Drinking Vinegars: A refreshing, high profit non-alcoholic.
Early on in to the bellyQ project in Chicago, Chef Bill Kim had told me he wanted to incorporate drinking vinegars in the drink menu. They were non-alcoholic, so that worked for him since he didn't drink much, vinegars were popular in Asian cuisine, and they simply tasted great. The problem was, I had just never heard of them. So I set off to researching, which was my typical scanning of multiple sources, products, reviews and then collecting the pieces that made sense. I was lucky with this attempt and pretty much nailed it off the bat, but without a reference point to taste against, my idea of "nailing it" just meant people enjoyed them and they started to gain attention and sales. The drinks are quite refreshing, full of fruit flavor, but finish with the slight bite of vinegar.
My earlier tests were too vinegary for my taste but I noticed that the kitchen was using a lot of coconut vinegar in the cooking. Coconut Vinegar has a lower acidity, closer to 4%, compared to the apple cider or white wine vinegars that I had first tried, which were about 5% acidity. I found this to be a much better fit, although finding coconut vinegars outside of a Vietnamese specialty store can be a bit hard. It also comes in a variety of shades from almost clear to a pale milky white to an off brown. Obviously the clear or white varieties are best for getting a vibrant color in the cocktail. I preferred the Silver Swan brand.
For the fruit element, I used Perfect Pure of Napa Valley. The fruit flavors were spot on, I loved the texture of the product, and they were always consistent. These can usually be ordered through a restaurant food wholesaler and are sold in frozen quart containers, six to a case.
From a beverage management standpoint, these made a lot of sense and I have since tried to convince many clients to use them. They can be produced once a week - or even once a month - and are shelf stable because of the vinegar and they are very easy to make. They are easy to execute as a non-alcoholic drink, they are easy to incorporate into a cocktail, and they costs just pennies to make but could realize nearly a 900% profit (or a 10% cost) This is a great way to boost lunchtime tabs, as well. And you can also change out the flavors often, providing daily flavors, to provide a wide variety for guests.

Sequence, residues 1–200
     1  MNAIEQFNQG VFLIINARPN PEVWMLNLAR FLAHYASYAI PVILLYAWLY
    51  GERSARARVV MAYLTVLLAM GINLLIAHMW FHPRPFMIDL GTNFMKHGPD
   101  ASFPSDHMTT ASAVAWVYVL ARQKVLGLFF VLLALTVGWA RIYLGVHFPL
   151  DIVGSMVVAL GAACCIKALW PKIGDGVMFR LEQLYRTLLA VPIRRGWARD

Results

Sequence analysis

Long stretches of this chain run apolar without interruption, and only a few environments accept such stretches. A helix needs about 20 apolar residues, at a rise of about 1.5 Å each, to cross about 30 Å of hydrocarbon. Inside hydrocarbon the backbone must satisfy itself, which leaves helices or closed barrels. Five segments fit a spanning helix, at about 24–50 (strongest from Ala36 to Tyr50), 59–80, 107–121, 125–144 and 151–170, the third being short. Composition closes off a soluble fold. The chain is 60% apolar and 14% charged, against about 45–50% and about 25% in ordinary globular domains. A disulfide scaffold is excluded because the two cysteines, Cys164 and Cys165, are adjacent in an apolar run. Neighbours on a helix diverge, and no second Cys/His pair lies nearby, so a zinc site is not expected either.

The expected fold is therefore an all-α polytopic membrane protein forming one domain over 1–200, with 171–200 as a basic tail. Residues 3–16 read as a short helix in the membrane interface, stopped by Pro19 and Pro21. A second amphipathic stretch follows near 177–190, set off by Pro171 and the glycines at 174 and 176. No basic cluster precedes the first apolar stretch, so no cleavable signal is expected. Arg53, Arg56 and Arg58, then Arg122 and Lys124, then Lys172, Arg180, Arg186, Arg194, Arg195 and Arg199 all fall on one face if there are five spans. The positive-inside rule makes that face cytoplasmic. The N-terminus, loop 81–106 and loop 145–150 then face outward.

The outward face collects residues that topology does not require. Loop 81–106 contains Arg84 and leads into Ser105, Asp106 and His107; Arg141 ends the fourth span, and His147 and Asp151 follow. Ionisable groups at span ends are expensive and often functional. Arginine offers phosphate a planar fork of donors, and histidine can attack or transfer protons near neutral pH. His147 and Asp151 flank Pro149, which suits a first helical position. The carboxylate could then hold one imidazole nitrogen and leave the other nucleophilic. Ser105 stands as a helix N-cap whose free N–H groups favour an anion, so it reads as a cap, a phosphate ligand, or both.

We would typically prep three or four flavors at a time and then rotate the offerings every few days. Although we tried many flavors, such as blueberry, mango, and raspberry, the two home-runs were always the coconut and passion fruit.
As vinegar is very pungent on the nose, make sure to add a sprig of mint or Thai Basil as garnish.
Here's a live demo...
Hands on Time: 5 min
Total Prep Time: 15 min
8 to 12 q Cambro
Large Mixing Spoon
In a cambro add:
1 qt Coconut Vinegar
1 qt Perfect Puree Fruit Concentrate
1 qt Organic Sugar Cane
2 c. Filtered Water (slightly more, depending on how concentrated puree is)
2 tsp Salt
1 tsp citric acid
Stir to dissolve (may take some time)
Garnish: Mint Sprig
In a Collins Glass add
1.5 oz Drinking Vinegar
Fill with soda, roll or stir to incorporate
Add mint garnish